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One Solution to Staffing in Tight Labor Market

History of industry shows importance of immigrant workers

ROANOKE, Va. — We are once again in an employment cycle where there are more jobs than candidates looking for jobs. This is commonly referred to as a tight labor market. 

There are “help wanted” signs in the windows of a number of businesses that regularly compete in the same labor pool as I would as a laundry manager. 

So, how do I make my entry-level job more attractive than entry-level jobs in other businesses in my area? 

The most common answer is to pay more than the competition, but the truth is salary adjustments made by one employer are quickly matched by others. 

A good benefits package can help to keep employees but does little to attract entry-level workers. They are focused more on the hourly rate than the fringe benefits. Fringe benefits do not make the car payment or pay for food and housing. 

How does a business stand out in this tight labor market and become the preferred place for people to want to work? The first thing is to understand the history of your industry. 

In the vast history of doing laundry in a commercial setting, it has often been staffed by the recent immigrant who needed a job so they could start their American dream. The laundry business is an entry-level job that can be handled effectively by someone who has limited or no English skills. 

This type of employee is used to hard work and poor working conditions. Where an American high school graduate might turn his or her nose up at the physically demanding production and business, a recent immigrant finds it very much to their liking. Their expectations are based on their life experiences, and those have been harder than most of us can imagine.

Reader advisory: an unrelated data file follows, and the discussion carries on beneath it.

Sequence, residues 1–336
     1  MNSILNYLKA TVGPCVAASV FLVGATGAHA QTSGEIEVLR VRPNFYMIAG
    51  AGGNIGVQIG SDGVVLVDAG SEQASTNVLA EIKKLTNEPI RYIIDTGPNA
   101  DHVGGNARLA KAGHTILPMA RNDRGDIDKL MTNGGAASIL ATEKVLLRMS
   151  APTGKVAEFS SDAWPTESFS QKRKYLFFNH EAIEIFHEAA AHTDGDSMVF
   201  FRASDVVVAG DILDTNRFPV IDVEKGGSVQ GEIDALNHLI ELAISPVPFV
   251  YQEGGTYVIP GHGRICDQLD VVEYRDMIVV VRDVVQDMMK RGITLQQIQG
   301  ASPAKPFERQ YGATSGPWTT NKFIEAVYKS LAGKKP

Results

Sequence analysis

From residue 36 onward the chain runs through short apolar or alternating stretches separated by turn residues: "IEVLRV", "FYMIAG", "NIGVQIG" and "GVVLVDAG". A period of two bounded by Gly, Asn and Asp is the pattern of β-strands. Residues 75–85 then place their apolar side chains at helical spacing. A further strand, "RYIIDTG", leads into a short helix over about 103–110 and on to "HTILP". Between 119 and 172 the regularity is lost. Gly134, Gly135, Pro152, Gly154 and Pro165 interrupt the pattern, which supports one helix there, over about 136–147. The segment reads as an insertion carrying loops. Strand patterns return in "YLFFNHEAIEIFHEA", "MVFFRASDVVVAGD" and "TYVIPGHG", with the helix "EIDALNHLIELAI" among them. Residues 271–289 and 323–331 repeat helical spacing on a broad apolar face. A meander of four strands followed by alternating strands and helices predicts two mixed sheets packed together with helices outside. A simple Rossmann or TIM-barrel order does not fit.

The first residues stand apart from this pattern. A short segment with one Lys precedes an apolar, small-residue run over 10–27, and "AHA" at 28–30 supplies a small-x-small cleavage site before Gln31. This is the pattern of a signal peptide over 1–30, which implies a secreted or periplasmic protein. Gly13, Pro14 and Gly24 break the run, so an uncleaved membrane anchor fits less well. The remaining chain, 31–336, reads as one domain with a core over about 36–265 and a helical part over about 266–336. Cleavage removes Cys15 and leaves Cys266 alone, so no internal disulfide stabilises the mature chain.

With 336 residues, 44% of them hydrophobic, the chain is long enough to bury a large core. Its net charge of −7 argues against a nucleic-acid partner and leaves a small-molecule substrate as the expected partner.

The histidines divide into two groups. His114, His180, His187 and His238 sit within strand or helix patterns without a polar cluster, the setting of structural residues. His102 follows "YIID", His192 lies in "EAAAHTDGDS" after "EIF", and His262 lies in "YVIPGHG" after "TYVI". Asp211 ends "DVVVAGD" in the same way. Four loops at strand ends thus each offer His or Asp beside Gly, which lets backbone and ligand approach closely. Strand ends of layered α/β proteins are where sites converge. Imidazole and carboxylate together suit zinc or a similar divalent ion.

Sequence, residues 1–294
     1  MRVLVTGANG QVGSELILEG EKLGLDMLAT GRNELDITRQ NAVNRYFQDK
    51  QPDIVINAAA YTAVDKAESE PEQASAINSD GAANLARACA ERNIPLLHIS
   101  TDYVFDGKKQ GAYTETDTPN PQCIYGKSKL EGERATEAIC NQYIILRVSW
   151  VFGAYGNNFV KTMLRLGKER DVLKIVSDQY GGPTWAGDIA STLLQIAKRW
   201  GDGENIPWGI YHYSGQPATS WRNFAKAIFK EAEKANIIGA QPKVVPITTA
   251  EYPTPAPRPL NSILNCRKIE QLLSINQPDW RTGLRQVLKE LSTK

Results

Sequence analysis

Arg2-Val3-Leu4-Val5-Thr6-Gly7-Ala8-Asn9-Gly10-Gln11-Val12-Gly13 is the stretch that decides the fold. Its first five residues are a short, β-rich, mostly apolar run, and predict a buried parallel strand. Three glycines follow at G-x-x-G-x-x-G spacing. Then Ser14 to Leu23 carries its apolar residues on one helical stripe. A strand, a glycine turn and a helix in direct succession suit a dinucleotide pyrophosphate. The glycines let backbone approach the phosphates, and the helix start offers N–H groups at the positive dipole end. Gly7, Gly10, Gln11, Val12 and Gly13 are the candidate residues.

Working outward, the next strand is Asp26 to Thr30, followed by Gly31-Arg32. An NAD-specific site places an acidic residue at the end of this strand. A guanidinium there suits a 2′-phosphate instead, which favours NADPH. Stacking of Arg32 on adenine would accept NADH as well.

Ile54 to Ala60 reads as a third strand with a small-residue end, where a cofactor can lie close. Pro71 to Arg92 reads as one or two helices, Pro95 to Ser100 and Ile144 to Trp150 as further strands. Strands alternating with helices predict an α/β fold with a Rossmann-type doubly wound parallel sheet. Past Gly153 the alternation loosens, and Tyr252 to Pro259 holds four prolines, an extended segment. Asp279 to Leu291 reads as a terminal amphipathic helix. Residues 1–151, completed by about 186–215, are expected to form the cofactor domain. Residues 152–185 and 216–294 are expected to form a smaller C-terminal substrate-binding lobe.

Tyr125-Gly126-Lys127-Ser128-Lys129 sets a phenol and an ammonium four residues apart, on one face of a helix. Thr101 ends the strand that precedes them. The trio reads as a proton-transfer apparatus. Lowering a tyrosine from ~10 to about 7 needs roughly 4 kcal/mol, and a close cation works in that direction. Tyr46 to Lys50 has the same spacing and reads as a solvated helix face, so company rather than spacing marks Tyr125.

Unfortunately, more and more smart business owners are learning about this source of labor, so there is competition for this group as well. 

So, how do you attract this natural source of labor to your business? There are several key groups you need to establish a working relationship with. 

The first would be whatever agency assists legal refugees with relocation and placement in your community. There are agencies in every area that help legal refugees to settle in and find jobs. Establishing a good working relationship with these people can be a key to getting the best new arrivals as they become available.

Of course, it goes without saying that you must treat these recent immigrants fairly and establish a workplace environment that is accepting and tolerant of people with different cultures and languages. 

The second key relationship to develop is with places of worship that provide assistance to recent immigrants. Often these religious communities help by providing English as a second language classes. Another good source of referrals is to develop a relationship with the adult instructor for the local educational system that teaches English as a second language. 

All these groups are trying to improve the life of this targeted group of employees. Part of their mission is to help them find stable, secure employment. That is the very definition of the laundry business: stable, secure and predictable. 

Your hardest hire will be the first non-English speaking employee. Once you have successfully employed one and you have established a training program and a business environment to meet their needs, word-of-mouth will begin to spread and you will get more opportunities. 

When I went to work in Roanoke, Va., for the Carilion Health System, my goal was to become the preferred employer for recent immigrants. I am proud to say that upon my retirement 14 years later I had achieved that goal. Next month’s article will deal with the training of limited or non-English-speaking employees.

Have a question or comment? E-mail our editor Matt Poe at [email protected].